Data and memory

The word “computation” linguistically suggests that input and output data are simple numbers. Historically, this was also the case. Then, over time, it became lists of numbers and tables of numbers. Numbers can also be used to describe letters, such as a 65 for the letter A, 66 for the letter B, and so on. This is how you can describe words in search queries and on websites. Numbers can also be used to describe images, such as each pixel by its position in the image and its colour and brightness. Language can also be described by numbers. Pictures can then be combined with text; pictures can also be strung together and turned into films with speech.

Data, like programmes, are structured and consist of smaller components. In order for a programme to process input data, this data must be made available. This happens in the so-called memory, another crucial piece of hardware besides the processor and the communication technology. There are very different types of memory. SD disks or USB sticks are memories that do not lose their content when there is no power supply. On the other hand, they are comparatively slow to access. There is also a much faster form of memory that programmes use for intermediate results, among other things, but which is deleted as soon as there is no more power. Data can now be stored in very different ways in both volatile and non-volatile memory. How exactly you do this has an enormous influence on how much memory you need and how quickly you can access it.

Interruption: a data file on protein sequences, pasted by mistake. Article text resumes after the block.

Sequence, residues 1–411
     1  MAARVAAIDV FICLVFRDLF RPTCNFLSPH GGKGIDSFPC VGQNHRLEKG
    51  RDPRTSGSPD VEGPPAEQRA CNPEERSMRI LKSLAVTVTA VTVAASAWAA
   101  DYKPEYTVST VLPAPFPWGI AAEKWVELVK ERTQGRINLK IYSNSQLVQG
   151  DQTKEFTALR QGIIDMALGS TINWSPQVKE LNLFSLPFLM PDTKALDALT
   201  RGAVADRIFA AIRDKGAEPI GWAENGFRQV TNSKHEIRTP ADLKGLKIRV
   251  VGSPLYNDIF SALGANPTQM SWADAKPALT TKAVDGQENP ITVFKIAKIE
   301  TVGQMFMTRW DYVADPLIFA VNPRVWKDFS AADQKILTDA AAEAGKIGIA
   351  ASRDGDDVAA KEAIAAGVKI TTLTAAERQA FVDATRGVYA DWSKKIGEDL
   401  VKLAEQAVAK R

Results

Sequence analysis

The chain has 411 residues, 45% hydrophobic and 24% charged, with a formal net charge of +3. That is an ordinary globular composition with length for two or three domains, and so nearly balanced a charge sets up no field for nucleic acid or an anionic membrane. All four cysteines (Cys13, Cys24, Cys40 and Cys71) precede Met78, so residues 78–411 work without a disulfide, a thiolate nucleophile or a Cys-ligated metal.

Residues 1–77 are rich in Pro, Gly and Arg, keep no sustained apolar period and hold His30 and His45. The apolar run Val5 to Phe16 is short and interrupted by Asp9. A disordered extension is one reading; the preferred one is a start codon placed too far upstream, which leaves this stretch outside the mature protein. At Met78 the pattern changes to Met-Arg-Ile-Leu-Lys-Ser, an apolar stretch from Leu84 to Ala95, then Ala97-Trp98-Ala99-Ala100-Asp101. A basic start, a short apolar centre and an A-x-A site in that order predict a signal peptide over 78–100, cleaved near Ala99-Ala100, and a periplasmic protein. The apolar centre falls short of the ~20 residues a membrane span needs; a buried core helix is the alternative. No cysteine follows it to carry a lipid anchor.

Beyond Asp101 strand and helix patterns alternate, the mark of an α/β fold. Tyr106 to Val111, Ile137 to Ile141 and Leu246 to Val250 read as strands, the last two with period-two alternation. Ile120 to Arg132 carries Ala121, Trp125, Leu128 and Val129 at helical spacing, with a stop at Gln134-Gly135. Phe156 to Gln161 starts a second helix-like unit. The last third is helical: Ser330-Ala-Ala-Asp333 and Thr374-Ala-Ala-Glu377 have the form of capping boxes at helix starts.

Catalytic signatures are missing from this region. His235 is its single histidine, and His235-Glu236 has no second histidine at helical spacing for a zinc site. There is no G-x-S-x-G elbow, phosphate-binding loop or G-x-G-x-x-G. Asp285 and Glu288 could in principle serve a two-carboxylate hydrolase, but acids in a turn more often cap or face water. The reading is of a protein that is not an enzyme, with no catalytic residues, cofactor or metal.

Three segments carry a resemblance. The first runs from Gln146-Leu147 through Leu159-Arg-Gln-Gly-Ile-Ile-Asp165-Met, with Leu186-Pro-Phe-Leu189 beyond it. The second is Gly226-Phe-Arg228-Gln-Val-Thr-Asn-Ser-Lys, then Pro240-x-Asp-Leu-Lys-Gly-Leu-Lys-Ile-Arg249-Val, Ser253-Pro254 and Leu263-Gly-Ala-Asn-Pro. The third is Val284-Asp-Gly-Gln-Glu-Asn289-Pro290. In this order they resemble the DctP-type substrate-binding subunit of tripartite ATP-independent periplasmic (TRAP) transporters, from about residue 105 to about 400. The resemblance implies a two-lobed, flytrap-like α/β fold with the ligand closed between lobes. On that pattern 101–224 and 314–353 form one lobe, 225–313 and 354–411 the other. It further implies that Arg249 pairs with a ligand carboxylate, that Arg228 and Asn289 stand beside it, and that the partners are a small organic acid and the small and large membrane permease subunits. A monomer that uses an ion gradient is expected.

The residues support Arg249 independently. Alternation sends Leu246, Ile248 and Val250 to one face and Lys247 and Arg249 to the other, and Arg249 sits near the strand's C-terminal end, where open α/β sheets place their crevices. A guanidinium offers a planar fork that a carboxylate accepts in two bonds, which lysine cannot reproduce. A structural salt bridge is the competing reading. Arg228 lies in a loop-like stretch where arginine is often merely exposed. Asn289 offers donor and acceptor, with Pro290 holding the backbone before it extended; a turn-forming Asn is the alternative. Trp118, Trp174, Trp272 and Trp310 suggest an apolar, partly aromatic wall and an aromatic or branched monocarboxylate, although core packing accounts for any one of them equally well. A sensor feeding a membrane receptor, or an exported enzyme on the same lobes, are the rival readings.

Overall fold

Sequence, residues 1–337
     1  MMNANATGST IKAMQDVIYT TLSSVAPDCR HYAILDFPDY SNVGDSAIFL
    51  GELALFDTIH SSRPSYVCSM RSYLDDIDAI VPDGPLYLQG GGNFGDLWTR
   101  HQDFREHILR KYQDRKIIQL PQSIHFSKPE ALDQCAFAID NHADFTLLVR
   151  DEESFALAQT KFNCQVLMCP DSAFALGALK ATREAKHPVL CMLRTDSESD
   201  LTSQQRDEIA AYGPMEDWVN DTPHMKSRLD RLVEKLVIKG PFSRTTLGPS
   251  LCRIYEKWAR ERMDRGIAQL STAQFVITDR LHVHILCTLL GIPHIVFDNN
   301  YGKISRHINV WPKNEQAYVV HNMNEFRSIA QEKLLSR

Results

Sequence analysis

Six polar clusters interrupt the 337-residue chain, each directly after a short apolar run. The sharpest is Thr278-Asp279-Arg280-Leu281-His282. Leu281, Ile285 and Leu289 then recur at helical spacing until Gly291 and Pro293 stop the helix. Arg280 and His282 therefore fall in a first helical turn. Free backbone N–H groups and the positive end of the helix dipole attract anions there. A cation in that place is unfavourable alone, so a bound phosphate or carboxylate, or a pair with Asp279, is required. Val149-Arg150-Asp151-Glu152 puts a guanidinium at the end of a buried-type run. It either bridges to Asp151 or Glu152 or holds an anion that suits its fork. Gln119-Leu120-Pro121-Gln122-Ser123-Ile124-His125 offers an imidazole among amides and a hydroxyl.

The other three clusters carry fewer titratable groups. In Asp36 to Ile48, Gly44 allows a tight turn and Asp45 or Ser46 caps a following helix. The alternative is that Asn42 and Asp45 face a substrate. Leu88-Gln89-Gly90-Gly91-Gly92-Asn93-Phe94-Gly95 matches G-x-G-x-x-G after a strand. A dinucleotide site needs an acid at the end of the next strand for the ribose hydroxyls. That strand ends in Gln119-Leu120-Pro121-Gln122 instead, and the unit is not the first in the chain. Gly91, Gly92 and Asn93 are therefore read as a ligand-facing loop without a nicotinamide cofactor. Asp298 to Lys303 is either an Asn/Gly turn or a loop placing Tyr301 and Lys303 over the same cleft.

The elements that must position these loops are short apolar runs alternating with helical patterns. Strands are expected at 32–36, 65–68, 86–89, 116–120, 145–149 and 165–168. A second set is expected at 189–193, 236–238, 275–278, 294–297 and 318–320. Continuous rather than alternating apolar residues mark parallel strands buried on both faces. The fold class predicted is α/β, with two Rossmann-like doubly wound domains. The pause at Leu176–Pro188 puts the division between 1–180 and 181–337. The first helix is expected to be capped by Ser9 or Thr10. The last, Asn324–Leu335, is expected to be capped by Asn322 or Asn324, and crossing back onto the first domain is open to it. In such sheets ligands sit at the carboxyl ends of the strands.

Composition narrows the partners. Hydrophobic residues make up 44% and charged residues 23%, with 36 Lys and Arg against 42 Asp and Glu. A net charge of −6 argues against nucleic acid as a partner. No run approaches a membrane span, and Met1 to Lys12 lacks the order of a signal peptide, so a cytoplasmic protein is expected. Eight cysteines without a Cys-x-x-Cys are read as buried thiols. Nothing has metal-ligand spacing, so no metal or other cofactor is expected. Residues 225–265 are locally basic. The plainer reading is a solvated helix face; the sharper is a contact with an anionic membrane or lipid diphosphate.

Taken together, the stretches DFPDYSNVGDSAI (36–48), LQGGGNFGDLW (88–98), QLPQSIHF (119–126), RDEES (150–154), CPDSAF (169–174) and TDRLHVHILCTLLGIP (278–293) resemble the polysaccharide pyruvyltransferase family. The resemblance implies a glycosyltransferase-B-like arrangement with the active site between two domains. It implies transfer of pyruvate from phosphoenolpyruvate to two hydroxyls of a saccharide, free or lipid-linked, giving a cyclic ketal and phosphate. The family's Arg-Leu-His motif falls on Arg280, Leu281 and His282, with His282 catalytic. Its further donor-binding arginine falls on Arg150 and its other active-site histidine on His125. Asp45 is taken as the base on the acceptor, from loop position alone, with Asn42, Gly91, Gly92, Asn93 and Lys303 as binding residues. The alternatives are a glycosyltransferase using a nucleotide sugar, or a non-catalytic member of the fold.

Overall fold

The bidt-internal project “Ethics in Agile Software Development” deals with the ethical aspects of software development and aims to enable a normatively desirable design of software systems.